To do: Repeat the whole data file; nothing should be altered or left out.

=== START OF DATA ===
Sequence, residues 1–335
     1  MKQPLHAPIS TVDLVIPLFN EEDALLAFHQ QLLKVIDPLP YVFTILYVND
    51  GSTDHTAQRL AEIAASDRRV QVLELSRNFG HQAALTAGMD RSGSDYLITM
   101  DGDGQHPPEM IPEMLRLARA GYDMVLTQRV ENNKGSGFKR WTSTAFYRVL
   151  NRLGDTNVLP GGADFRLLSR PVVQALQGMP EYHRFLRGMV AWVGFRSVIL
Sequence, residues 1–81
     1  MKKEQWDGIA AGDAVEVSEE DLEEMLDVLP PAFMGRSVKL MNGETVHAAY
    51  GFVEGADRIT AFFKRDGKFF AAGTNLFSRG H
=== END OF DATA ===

Sequence, residues 1–335
     1  MKQPLHAPIS TVDLVIPLFN EEDALLAFHQ QLLKVIDPLP YVFTILYVND
    51  GSTDHTAQRL AEIAASDRRV QVLELSRNFG HQAALTAGMD RSGSDYLITM
   101  DGDGQHPPEM IPEMLRLARA GYDMVLTQRV ENNKGSGFKR WTSTAFYRVL
   151  NRLGDTNVLP GGADFRLLSR PVVQALQGMP EYHRFLRGMV AWVGFRSVIL
Sequence, residues 1–81
     1  MKKEQWDGIA AGDAVEVSEE DLEEMLDVLP PAFMGRSVKL MNGETVHAAY
    51  GFVEGADRIT AFFKRDGKFF AAGTNLFSRG H